Calhoun: Wake-Up Call

Joe Biden wants to help you write a letter to the editor -- for all the good it'll do

"I've been there," pronounces the subject line in the e-mail blast from Joe Biden that just landed in my in-box. And judging from the message that follows, the veep is still there, stuck in the '80s, when the letters pages of newspapers actually had power. When they were, in Biden parlance, Big Fucking Deals.

"Believe me, senators and their staff read the letters page -- because they know just how influential it can be. Your letter could make a tremendous difference," writes Biden -- or, more to the point, someone at who really should know better, considering how the Obama campaign used new technology so well just a few years ago.

Yes, senators still read letters, and pay attention to the number of people weighing in on either side of an issue. But anyone who wants to can e-mail a note directly to a senator's office, skipping the middleman of the newspaper. Where such copycat messages -- Biden's note provides a helpful link for those who need some cut-and-paste aid -- now inevitably wind up in the dead-letter pile.

Because a carbon-copy message is no longer a BFD at newspapers, which today reserve their precious space for letters that at least include a few original words.

Here's Biden's note:

Two weeks after it was signed into law, health insurance reform is still the talk of the town.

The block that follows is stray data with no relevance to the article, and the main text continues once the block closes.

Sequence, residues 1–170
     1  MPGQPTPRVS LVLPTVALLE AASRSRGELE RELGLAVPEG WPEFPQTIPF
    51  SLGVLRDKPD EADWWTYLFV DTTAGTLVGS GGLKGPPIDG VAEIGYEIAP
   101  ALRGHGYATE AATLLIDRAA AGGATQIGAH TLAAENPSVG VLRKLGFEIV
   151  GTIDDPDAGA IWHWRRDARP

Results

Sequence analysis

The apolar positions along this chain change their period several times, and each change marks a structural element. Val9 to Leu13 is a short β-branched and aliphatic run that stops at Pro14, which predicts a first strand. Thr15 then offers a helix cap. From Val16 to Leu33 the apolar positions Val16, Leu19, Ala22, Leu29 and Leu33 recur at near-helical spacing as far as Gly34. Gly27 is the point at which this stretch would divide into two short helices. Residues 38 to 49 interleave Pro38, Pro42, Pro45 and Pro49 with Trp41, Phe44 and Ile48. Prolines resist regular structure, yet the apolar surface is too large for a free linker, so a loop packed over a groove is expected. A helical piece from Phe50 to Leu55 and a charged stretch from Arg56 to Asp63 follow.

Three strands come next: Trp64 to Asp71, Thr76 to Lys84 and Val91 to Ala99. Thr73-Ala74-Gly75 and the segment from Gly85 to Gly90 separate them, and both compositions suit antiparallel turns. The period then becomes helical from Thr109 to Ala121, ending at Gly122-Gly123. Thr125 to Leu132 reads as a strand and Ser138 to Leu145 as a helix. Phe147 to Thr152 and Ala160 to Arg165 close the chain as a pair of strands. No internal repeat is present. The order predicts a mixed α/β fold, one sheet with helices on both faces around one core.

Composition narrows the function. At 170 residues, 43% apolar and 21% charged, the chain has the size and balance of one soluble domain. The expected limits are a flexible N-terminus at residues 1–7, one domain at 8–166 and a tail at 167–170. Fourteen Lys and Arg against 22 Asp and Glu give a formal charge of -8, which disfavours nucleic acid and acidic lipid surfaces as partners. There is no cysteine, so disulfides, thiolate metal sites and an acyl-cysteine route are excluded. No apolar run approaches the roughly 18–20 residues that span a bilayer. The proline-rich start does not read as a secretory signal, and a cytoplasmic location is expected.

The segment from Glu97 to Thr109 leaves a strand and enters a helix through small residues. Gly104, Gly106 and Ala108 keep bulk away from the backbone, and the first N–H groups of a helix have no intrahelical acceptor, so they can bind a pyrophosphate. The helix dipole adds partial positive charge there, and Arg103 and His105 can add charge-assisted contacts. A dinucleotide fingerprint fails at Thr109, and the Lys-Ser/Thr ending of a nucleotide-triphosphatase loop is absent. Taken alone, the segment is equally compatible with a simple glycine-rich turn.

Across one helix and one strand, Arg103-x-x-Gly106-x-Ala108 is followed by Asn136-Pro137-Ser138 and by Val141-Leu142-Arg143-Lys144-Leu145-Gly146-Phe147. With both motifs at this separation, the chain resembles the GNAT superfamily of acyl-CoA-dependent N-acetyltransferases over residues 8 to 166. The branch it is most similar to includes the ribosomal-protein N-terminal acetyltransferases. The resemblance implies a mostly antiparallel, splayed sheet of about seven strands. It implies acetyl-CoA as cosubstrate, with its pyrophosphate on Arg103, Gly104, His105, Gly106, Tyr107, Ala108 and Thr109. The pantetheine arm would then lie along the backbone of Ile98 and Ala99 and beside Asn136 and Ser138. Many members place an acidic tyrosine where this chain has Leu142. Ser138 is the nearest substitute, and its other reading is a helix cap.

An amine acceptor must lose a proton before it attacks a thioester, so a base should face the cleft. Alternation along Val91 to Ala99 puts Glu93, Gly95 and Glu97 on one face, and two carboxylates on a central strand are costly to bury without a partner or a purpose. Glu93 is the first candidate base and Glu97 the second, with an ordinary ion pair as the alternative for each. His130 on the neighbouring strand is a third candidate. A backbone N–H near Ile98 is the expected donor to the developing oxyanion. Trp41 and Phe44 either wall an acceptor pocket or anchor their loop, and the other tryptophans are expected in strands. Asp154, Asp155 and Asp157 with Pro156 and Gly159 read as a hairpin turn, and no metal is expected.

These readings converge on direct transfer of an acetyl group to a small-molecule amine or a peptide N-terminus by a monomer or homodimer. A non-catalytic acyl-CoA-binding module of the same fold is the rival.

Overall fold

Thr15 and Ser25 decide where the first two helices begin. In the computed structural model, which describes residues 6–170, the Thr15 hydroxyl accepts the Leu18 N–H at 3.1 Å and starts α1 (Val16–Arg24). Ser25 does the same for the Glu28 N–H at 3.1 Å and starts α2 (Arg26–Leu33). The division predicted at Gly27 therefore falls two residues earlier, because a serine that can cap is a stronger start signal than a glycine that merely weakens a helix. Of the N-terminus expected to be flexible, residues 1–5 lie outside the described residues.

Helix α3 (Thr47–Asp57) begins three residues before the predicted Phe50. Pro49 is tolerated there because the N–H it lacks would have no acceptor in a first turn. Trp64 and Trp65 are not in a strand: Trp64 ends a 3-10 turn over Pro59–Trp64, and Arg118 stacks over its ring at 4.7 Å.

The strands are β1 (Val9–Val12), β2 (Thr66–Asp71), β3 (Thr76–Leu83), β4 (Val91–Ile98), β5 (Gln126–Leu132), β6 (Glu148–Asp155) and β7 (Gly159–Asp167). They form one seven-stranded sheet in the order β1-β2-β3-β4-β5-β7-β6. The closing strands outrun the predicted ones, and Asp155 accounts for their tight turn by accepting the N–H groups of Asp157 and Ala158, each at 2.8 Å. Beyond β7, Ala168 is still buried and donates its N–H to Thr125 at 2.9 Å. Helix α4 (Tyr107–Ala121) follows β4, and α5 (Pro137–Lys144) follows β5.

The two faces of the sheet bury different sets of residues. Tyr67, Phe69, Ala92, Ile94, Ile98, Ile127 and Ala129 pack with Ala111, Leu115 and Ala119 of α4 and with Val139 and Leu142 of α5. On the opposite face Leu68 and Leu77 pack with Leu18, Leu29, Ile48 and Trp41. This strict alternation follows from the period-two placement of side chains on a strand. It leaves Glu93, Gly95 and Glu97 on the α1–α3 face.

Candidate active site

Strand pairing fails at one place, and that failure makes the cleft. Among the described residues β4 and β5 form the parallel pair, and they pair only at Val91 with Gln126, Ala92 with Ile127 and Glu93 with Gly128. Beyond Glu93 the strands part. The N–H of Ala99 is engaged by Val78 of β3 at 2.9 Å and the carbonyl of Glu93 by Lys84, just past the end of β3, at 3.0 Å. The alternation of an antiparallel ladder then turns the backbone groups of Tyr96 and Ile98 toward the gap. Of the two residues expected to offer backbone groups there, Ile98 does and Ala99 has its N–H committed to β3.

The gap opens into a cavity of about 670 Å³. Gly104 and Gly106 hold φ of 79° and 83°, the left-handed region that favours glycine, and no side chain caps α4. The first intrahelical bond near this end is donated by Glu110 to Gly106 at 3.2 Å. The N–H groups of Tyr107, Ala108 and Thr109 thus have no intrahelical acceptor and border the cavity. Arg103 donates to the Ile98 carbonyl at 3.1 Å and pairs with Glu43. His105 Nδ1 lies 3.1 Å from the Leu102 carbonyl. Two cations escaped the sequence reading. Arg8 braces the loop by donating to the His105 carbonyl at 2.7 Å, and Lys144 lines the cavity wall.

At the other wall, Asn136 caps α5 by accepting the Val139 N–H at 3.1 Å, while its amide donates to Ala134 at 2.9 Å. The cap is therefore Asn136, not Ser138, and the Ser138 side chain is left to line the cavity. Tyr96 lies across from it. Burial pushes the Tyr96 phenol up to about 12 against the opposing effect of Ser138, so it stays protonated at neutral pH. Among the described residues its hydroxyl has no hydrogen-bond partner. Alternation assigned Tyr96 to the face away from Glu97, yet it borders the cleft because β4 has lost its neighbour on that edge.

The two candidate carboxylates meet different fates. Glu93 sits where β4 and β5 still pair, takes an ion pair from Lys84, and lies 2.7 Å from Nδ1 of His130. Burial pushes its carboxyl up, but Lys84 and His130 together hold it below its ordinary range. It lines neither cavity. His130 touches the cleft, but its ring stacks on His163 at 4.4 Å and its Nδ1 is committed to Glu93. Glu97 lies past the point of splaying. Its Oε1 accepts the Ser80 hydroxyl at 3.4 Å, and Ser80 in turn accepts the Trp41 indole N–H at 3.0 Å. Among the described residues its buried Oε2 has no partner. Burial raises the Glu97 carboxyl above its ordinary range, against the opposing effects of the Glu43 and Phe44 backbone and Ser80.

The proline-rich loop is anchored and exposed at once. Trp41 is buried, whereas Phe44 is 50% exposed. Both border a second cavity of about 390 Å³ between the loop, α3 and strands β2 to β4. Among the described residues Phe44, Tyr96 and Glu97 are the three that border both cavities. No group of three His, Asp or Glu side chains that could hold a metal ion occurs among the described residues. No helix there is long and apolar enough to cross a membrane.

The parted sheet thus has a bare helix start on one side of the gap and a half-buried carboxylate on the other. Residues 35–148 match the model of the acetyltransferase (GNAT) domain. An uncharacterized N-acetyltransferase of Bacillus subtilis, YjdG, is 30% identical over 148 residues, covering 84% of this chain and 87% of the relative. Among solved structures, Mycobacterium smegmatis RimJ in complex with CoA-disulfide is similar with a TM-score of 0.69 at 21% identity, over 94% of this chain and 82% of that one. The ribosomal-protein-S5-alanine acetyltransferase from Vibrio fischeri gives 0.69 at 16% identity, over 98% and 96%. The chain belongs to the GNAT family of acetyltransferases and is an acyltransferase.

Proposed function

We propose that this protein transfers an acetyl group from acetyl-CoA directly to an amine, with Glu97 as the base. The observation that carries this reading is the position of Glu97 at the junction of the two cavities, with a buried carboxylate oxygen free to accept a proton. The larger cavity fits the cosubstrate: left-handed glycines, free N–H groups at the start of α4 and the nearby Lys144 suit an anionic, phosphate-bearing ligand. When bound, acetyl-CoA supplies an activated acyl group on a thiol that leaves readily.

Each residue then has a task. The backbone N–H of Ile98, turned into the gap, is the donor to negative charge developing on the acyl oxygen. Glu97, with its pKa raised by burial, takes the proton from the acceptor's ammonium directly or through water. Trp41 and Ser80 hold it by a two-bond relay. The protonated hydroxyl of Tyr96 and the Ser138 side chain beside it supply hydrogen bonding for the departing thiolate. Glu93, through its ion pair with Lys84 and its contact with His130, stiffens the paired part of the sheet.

It's for a good reason: This was a historic accomplishment. But it wasn't easy. I remember what it's like to be a senator and take a tough stand on an issue -- confident that it's the best thing for your constituents, but equally sure that special interests will pour buckets of money into attacking you for it.

Your senators, Mark Udall and Michael Bennet, did just that when they supported health reform. Now, we need to provide a line of defense money can't buy: the voices of real constituents speaking out and showing their support.

That's where you come in. Do you have three minutes to jot down a quick letter to your local newspaper? If you need ideas on what to say, you can watch a quick video Organizing for America put together about how reform will benefit Colorado....

Believe me, senators and their staff read the letters page -- because they know just how influential it can be. Your letter could make a tremendous difference.

In my conversations with my old colleagues, I made it clear that this White House was prepared to back them up -- that no barrage of partisan attack ads would go unanswered. But to follow through, I'm going to need some help from folks like you.

This legislation will put Americans in control of their own health care, rein in insurance-company abuses, and give millions of Americans access to affordable health care for the first time.

Special interests know that in the coming months, all their lies about reform will be proven false. But that won't stop them from inventing new ones and spreading attack ads.

It's just the first step, but one letter from a constituent is worth a hundred paid advertisements. So please make sure your friends and neighbors understand the benefits this law will bring to ordinary Americans -- take three minutes and write a paragraph or two now:


Vice President Joe Biden

Just don't send those letters to me.

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Patricia Calhoun co-founded Westword in 1977; she’s been the editor ever since. She’s a regular on the weekly CPT12 roundtable Colorado Inside Out, played a real journalist in John Sayles’s Silver City, once interviewed President Bill Clinton while wearing flip-flops, and has been honored with numerous national awards for her columns and feature-writing.
Contact: Patricia Calhoun